A net designed to catch thrill seekers dropping from a cage raised high on a ride called Terminal Velocity at Extreme World in the Wisconsin Dells failed to slow the descent of a 12-year-old girl. The unbroken 40-foot fall appears to have left the girl with severe head, brain and internal injuries.

This is how a ride on Terminal Velocity should go:

According to reports collected shortly after the accident, the net was set too close to the ground to stop the girl before she struck the ground. The first person to reach the girl and begin performing CPR told the Portage (WI) Daily Register, “There was a little girl on the ground. She wasn’t breathing and didn’t have a pulse. There was blood coming out of her nose, eyes and mouth.”

The owners and operators of Extreme World are expressing their intent to do anything they can to help the girl recover. They have also pointed to the six-year spotless safety record and recent state inspection of the Terminal Velocity ride. The accident that occurred on July 30 seems to have resulted from improper operation of the ride — setting the net too low — rather than any problem with the ride’s design or construction.

Injuries at amusement parks like the local Busch Gardens in Williamsburg and Kings Dominion outside of Richmond are thankfully rare. Problems at smaller or traveling carnivals, such as the breaking up of the Octopus at the Buchanan, Virginia (VA), fair in June 2009 are more common. And when accidents at amusement parks or carnivals do happen, they can be fatal. The summer of 2009 alone saw three Disney park workers lose their lives in monorail accidents and stunt errors.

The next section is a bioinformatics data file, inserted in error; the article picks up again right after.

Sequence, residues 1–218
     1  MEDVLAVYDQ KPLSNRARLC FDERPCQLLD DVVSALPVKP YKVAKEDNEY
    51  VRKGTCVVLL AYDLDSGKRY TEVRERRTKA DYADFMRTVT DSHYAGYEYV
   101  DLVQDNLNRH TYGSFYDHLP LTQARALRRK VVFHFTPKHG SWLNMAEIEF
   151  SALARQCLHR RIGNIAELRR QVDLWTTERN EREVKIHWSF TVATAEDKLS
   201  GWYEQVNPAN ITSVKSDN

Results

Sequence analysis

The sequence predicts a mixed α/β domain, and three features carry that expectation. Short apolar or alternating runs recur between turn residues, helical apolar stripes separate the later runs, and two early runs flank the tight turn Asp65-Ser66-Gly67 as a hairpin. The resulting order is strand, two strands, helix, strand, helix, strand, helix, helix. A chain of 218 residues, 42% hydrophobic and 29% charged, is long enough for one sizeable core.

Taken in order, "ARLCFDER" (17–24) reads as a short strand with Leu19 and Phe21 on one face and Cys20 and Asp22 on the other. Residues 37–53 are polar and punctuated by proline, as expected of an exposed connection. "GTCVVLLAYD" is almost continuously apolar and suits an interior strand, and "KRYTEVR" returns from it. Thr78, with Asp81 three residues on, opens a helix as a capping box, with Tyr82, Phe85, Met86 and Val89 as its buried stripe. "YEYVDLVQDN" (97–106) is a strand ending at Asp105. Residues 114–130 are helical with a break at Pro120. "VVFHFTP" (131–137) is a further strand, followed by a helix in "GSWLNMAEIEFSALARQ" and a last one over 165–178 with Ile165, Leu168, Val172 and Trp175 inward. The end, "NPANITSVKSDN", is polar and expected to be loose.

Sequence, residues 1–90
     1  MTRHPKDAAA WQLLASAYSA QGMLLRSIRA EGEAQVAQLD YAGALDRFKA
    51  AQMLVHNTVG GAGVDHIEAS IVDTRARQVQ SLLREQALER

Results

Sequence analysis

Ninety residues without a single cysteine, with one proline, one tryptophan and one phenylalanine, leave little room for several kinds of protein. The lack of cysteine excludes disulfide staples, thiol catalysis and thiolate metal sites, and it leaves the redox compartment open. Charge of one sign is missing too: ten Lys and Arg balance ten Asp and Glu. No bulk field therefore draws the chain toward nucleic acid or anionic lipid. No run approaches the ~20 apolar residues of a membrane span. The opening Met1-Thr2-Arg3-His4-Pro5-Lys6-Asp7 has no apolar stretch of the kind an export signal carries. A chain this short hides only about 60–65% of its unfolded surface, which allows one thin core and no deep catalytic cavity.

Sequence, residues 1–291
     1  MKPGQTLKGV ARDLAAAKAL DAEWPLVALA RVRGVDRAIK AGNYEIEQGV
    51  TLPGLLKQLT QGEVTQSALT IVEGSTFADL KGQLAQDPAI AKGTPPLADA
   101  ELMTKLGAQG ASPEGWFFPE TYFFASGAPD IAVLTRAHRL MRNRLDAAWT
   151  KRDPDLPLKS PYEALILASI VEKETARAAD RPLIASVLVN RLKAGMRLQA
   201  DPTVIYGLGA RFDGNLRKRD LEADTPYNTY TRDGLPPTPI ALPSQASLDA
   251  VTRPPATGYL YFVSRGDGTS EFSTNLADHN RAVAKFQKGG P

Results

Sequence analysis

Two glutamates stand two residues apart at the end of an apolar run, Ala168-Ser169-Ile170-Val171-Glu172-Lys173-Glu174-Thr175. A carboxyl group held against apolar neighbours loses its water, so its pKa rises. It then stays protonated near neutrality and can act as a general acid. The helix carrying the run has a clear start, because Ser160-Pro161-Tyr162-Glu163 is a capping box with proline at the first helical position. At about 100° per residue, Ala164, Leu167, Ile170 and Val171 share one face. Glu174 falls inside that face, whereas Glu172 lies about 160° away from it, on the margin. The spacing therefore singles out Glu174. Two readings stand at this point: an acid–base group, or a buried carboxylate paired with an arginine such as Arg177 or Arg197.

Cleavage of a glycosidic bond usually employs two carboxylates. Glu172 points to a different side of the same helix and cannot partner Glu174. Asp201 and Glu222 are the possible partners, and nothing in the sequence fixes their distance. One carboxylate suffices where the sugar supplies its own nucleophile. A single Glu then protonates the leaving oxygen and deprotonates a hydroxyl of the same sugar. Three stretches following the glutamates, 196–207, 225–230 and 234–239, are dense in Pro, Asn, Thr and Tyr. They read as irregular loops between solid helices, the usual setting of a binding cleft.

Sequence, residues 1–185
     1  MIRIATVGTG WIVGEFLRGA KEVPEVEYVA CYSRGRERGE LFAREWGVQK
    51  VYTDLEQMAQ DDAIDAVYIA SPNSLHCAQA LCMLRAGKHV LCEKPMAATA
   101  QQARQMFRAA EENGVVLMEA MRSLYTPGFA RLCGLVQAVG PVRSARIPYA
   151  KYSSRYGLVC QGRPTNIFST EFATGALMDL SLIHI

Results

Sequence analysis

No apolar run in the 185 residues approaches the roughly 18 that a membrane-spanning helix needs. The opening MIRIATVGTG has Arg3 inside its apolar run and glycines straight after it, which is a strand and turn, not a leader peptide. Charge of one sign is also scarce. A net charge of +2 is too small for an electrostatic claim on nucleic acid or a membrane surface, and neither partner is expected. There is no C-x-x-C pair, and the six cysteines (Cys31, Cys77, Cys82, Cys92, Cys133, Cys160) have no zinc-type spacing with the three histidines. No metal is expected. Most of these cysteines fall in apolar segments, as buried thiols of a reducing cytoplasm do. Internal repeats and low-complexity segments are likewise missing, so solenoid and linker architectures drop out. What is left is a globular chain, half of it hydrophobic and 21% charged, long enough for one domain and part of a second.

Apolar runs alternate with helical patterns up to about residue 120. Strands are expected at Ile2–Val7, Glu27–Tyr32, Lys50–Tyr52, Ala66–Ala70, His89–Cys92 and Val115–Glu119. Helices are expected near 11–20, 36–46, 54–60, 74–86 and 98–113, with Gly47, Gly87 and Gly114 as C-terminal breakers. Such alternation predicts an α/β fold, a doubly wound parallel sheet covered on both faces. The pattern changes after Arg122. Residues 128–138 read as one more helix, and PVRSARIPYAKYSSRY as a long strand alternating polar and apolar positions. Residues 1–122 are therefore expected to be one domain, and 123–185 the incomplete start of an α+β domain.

Amusement park and carnival safety come down to the actions of managers, ride operators and the actors in the shows. As the accident at Extreme World in Wisconsin shows, it only takes one mistake to cause serious injuries. I join with everyone else in wishing the young girl a speedy and full recovery. I also hope that everyone involved in ensuring the safety of park and carnival attendees takes the accident as a reminder to redouble their efforts.